Posted by: patenttranslator | May 23, 2013

The Myth Of The So Called Translation Industry

Bitter complaining about the evil and devious practices of the modern type of large translation agencies as representatives of so called “translation industry” is a favorite sport of many a freelance translator, including this one.

Whenever I write my trademark dark, plaintive, accusatory posts on this popular subject, they always get a lot of tweets and likes. Which is obviously one reason why I do that – addiction to tweets, likes and reprints is tough to beat. If so many people seem to appreciate what I am saying, I feel that I am no longer a “vox clamanti in deserto” (a voice crying out in the wilderness).

But the fact is, the typical translation agency model is really typical for only a very small segment of the entire translation industry market. Think about it – there must be hundreds of thousands of translators on this planet, or at least people who make a living translating. How many of them can possibly work for a typical translation agency of the kind that translators such as myself love to deconstruct, despise and bash on our blogs and on Twitter and LinkedIn?

Probably not that many out of the total number of translators. Even if you are a freelance translator who is partially or mostly locked into their business model, you must also have worked for other clients who belong to a completely different model.

It is also true that only some translation agencies operate based on the predatory corporate model that is based on incredibly demeaning “Confidentiality Agreements”, coupled with demands for automatic discounts for “fuzzy and full matches” (repeated words), which is a determination made by the agency in its wisdom, with payment terms of more than 30 days, sometime even two months or more.

Most translation agencies are small, and it has been my experience that many small and smallish translation agencies operate according to a different model. Instead of asking translators to fill out a very detailed questionnaire online, some agency operators are in fact able to tell based on a translator’s résumé whether he or she looks like a suitable person for the task at hand because they themselves know a few languages and understand the underlying problems and issues.

As a translator/translation agency hybrid myself, I am deluged by résumés from translators every day. For every 100 e-mails from translators that I delete without reading them, I probably look at 1 of them quite carefully and sometime I even save it, because as we know, a good translator is hard to find.

Translation agencies are not a monolithic, evil beast.

In my role as a translator, I noticed that some agencies pay much faster than within the standard 30 or even 60 day period, which is what we have come to expect from a typical translation agency. And of course, whether I use or don’t use a CAT is of interest only to the kind of translation agency that I avoid like a plague (regular readers of my blog will know that I am quite allergic to CATs).

Over the years I myself have received a lot of work from many types of non-agencies, such as individual translators who are not really translation agencies at all. I remember that I used to translate Japanese patents for quite a few years for a German patent translator, his name was Hans, who once said these surprising words to me: “I never had to work for translation agencies”. He must be retired by now because Google does not know anything about him. A Russian interpreter told me the same thing when I asked her which agencies she worked for.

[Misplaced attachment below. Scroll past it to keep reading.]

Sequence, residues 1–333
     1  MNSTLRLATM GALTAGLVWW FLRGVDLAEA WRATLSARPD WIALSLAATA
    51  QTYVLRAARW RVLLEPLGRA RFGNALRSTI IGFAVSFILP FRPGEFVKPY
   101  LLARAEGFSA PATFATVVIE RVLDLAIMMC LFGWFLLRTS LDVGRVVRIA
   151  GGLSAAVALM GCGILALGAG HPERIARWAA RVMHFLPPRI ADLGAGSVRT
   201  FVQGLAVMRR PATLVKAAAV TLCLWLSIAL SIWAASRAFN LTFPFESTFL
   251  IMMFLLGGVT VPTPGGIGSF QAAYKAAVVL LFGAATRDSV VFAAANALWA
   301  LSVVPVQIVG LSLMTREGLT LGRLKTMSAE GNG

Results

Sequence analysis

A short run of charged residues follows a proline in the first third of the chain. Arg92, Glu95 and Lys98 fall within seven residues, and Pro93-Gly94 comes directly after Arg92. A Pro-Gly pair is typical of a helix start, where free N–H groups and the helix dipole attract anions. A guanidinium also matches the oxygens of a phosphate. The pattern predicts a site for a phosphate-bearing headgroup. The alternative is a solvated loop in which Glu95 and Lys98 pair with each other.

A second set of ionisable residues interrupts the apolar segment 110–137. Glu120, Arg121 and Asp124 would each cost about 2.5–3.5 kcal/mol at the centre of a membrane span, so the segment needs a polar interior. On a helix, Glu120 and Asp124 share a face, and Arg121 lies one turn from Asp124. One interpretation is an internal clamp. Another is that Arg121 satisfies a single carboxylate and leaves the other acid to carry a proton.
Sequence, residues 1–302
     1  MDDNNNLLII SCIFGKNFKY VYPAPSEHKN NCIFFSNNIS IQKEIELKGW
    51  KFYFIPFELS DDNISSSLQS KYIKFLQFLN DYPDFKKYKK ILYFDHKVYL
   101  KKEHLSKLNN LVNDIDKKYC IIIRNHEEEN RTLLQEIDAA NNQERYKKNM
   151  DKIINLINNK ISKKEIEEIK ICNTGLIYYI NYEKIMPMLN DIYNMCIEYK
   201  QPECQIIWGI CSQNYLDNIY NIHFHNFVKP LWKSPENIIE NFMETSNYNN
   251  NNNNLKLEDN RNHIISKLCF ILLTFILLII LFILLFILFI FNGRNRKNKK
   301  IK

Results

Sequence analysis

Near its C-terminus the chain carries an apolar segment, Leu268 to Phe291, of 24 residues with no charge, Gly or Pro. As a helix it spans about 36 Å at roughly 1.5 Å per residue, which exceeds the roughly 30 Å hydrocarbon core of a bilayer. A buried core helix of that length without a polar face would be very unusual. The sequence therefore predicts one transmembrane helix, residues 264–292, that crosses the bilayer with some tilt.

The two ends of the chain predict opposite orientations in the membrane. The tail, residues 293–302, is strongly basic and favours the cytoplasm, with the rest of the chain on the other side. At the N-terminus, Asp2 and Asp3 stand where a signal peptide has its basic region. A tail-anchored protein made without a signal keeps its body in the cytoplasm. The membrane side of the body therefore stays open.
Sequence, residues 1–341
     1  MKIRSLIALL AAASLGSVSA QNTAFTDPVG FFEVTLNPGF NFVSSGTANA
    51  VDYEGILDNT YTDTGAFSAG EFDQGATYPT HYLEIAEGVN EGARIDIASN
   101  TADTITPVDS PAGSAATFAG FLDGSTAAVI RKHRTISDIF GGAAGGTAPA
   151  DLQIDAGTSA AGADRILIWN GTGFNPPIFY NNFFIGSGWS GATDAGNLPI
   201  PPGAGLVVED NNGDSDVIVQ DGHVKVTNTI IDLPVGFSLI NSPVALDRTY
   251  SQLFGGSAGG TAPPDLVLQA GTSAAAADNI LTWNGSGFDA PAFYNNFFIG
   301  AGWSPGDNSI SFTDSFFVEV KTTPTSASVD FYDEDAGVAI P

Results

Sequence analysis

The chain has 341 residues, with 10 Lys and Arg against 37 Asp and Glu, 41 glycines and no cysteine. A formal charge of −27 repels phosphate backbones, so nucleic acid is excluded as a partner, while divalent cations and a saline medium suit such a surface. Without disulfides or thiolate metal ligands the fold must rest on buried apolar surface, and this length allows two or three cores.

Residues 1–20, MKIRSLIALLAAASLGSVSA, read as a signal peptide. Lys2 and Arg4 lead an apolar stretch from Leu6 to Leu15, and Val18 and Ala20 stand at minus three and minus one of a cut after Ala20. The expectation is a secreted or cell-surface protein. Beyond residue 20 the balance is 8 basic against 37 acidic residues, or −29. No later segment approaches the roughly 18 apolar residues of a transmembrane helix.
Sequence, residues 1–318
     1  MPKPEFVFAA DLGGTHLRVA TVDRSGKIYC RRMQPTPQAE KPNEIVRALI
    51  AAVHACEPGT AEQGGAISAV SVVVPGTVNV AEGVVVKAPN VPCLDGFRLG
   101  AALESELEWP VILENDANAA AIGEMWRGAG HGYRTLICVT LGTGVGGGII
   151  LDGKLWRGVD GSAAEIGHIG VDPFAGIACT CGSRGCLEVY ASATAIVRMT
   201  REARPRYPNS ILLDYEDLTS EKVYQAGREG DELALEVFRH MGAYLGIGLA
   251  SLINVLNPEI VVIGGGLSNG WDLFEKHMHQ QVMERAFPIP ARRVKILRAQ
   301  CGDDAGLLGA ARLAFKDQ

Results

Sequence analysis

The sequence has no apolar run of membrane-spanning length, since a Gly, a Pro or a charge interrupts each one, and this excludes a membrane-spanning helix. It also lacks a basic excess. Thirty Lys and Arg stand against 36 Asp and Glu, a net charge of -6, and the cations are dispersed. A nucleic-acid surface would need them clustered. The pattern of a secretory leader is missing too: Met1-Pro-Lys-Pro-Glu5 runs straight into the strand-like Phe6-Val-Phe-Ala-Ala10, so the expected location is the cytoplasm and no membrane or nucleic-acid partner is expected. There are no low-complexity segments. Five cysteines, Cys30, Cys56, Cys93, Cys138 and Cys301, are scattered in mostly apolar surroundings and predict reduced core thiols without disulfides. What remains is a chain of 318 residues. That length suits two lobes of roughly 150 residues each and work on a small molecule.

There are different organizations regularly needing translators, such as departments of universities, government organizations, NGOs and other organizations with people in them who are smart enough to look for individual translators instead of going to an agency website when they need to have something translated.

Of course, since I mostly translate patents, most of my customers are patent law firms. But I also frequently work for sole practitioners who happen to be patent agents or patent lawyers, inventors, investors (people who buy and sell patent portfolios), law librarians.

It is of course in the interest of the large translation agencies to perpetuate the myth that their model is the only legitimate business model in what is called “translation industry”, although nothing can be farther from the truth. Their business model is only one of many possible and existing business models for delivery of translation services.

There are many other models as well. While their model may be suitable for some types of translations, it often delivers horrible quality at a very high cost as the corporate model will always try to squeeze more and more work out of translators at lower and lower rates in the name of higher profits for the boss. The new name for this old concept is “higher productivity”.

While I wholeheartedly endorse complaints and objections of oppressed translators on blogs and social media as a healthy activity, what is perhaps missing here is an awareness that freelance workers don’t have to work for people in this industry who do not treat them well.

The myth of the so called “translation industry” is just that, a myth that is often propagated by people who usually have their own agenda. The real translation industry has many segments and it is in our power to work only for one or a few of the segments of this industry, namely for people who treat us with respect and pay us well and on time, and not to work for people who operate based on the extremely predatory business model practiced by some translation agencies.

If we fail to realize this simple truth, we can only blame ourselves for putting up with the many injustices of the modern corporate business model of a certain segment of the translation industry that we love to moan and groan about on our blogs.

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Responses

  1. The only reason that the Agencies are able to dominate the market is that they have succeeded in persuading end-clients that they will provide a complete trouble-free service and that a customer will have some recourse should s/he not be satisfied with how a task has been carried out. The fact that frequently this is probably delusionary thinking doesn’t seem to permeate – presumably because (as far as I know no watchdog agency exists that clients can turn to to check the credentials of an agency nor to obtain help in rectifying any failures or misdemeanours on their part.